This week, Albanese used his own axe, removing Foreign Secretary Catherine Campbell (Penny Wong was not a fan, and Campbell had a history with Robodolg) and infrastructure chief Simon Atkinson from office.
Immediately after the election, Albanese appointed Glyn Davis as head of his department, indicating that he is determined to leave public service in better shape than he found it. Davis is a political specialist with extensive administrative experience and a penchant for reform; he was a member of Todi’s review.
Changes this week reinforced the point. Former high-ranking bureaucrat Gordon de Brouwer, also a Tody Review member, returns as “Secretary for Public Sector Reform”.
In this context, one of Australia’s most eminent civil servants recently offered some advice on Thursday evening. Frances Adamson is a former ambassador to China who served as foreign affairs adviser in the office of Prime Minister Malcolm Turnbull and later headed the Foreign Office. Adamson, who is now Governor of South Australia, knows bureaucracy inside and out.
In a speech named after her, she laid out what she called four “encouragements” and one “plea” to civil servants. They set an agenda for improvement.
Read more: Foreign Minister Katherine Campbell fired due to reshuffle in public service
First, she called for the full implementation of the Todi Review “in spirit and in letter”. The consequences of the recommendations, which were not implemented, would be to provide senior civil servants with greater independence and protection.
Second, Adamson urged public servants to “think more about our time and what they require of you.”
“This is a time for persistence, for listening and consultation, for close collaboration, and for a new appreciation and respect for expertise in policy making — whether it be in the economy, climate change, China or homelessness,” she said.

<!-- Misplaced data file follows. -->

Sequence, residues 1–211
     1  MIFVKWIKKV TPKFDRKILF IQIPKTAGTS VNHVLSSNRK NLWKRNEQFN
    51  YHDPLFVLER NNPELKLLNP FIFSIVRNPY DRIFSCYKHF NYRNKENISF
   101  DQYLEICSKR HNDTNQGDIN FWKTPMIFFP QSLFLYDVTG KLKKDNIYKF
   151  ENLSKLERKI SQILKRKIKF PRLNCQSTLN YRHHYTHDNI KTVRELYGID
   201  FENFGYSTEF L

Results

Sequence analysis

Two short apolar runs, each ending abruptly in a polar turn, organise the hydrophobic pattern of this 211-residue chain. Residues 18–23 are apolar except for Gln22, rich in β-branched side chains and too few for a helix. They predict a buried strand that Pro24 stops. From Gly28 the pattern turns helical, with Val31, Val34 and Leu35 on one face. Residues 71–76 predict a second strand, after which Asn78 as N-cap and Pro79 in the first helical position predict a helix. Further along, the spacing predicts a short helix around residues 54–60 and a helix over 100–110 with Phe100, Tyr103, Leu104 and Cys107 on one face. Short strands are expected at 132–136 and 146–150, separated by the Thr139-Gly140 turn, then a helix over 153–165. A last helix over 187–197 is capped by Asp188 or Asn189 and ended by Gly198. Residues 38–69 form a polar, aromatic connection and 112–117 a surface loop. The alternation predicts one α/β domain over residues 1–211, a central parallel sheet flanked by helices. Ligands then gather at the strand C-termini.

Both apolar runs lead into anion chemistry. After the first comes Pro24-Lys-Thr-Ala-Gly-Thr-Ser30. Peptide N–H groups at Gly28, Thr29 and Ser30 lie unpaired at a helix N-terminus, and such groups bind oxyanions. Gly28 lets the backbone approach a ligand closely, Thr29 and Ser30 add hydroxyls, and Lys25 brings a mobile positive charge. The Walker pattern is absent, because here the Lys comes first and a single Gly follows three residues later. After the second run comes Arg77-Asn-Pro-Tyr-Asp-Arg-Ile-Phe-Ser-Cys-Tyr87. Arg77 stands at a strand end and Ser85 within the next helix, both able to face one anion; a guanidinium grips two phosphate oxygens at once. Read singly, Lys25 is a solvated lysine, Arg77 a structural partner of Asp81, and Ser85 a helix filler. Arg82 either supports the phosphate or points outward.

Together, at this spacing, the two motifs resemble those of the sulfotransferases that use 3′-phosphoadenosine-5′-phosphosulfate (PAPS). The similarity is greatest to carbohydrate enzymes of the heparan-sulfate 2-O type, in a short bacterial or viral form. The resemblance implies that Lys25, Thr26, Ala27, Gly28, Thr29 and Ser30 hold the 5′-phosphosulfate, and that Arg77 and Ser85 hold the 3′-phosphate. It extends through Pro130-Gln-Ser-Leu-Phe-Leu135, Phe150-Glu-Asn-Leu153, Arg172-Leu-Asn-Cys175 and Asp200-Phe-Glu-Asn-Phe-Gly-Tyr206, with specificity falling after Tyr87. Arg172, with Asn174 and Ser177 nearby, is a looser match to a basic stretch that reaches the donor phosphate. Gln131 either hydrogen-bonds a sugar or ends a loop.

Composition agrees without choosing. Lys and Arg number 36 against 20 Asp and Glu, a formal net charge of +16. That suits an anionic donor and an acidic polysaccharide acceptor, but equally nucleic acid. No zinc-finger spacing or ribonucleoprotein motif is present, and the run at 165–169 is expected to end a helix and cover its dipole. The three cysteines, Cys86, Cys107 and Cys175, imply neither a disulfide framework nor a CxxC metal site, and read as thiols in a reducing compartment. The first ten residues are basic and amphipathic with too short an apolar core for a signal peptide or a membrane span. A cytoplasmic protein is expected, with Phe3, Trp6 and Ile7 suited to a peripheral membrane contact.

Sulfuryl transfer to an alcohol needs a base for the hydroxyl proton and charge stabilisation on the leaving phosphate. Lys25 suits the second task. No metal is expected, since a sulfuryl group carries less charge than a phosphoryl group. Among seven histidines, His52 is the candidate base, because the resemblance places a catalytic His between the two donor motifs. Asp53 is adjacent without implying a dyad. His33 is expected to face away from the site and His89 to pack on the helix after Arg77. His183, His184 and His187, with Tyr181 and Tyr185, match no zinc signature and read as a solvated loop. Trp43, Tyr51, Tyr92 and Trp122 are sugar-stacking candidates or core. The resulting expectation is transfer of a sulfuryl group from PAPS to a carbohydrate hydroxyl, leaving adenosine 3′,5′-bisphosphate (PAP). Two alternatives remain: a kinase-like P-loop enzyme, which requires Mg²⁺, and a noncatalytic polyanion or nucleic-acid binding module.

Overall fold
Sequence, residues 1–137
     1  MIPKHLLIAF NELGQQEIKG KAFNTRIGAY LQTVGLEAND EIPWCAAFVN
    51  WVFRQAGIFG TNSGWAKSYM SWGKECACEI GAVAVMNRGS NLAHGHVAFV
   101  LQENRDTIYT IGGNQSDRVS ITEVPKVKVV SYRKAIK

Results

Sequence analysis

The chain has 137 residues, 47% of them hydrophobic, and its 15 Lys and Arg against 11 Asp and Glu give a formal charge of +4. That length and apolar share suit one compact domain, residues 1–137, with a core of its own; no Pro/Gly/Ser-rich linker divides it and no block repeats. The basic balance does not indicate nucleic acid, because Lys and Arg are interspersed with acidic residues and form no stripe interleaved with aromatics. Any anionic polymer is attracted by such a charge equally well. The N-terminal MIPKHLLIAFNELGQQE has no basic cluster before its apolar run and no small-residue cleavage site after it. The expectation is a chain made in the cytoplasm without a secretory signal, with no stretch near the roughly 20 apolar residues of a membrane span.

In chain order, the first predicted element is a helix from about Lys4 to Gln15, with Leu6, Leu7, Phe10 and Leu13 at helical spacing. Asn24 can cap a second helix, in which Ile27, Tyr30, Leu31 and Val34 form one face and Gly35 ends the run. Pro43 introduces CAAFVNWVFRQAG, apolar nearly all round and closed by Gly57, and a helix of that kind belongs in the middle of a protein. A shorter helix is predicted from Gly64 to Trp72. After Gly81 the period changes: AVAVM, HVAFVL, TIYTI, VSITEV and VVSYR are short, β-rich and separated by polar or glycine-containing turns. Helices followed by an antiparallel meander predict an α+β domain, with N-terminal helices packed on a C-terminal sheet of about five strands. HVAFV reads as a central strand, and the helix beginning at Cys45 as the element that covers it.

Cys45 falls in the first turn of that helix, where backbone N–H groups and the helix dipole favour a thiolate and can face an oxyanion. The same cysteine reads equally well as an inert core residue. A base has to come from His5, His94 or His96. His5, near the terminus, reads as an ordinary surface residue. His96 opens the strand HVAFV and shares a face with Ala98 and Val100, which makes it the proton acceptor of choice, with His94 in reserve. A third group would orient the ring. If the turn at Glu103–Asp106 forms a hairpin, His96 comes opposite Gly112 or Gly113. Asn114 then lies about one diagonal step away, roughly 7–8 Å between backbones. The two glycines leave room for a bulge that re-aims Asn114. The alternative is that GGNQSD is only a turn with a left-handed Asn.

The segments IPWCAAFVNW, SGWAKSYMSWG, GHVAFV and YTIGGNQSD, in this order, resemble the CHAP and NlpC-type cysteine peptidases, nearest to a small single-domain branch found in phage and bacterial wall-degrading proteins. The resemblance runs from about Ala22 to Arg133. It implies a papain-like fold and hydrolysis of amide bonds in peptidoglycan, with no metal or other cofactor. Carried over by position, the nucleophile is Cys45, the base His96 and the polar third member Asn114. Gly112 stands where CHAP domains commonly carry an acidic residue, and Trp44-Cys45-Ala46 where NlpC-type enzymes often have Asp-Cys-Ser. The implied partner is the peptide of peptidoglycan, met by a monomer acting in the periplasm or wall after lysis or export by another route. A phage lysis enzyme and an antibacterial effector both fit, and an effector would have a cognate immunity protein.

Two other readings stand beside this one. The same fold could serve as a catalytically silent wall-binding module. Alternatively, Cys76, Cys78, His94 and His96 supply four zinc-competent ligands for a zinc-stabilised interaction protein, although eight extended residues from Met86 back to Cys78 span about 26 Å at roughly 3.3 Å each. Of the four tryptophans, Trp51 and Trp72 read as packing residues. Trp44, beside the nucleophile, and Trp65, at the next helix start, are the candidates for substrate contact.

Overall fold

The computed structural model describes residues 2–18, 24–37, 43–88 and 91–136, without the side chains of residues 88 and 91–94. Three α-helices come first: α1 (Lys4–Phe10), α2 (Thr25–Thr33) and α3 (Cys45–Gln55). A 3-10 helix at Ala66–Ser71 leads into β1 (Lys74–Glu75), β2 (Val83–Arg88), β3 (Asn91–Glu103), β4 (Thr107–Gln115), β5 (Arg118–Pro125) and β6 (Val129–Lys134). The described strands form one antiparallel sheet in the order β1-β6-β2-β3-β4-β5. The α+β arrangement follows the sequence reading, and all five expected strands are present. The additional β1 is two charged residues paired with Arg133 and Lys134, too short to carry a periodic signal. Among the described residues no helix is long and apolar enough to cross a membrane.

“The time has come to purposefully build on this experience through recruitment and development and share it widely. And, of course, time for frank, fearless, well-informed, creative and constructive advice.”
Her third “encouragement” concerned a culture of public service: the importance of fostering “a genuine sense of belonging that goes beyond how we usually think about diversity, fairness and inclusiveness.”
“Belonging,” she said, “is about meaningful work, relationships, agency, and responsibility.”
Fourth, Adamson emphasized the importance of good relations between civil servants and colleagues at other levels of government. While it did not take that path, cooperation between the federal and state governments will be vital if the Albanian government is to achieve its goal of increasing productivity.
Adamson’s “plea” was about honesty. “The 2022 election campaign should leave us in no doubt about the value the Australian people place on integrity and the structures needed to support it,” she said.
“Acting with integrity is how the service maintains the confidence and trust of the public. Indeed, integrity is what really changes public attitudes and trust in government, which is why it is one of the tools civil servants use to strengthen state institutions.”
Adamson concluded that “the quality of the public service contributes to the strategic weight of a country.” […] Australia’s strategic weight, in turn, contributes to the stability, security, prosperity and development of our region and its character.”
The higher the quality and reliability of advice coming from the civil service, the more likely the Albani government is to leave the kind of “legacy” that its prime minister says he is striving for.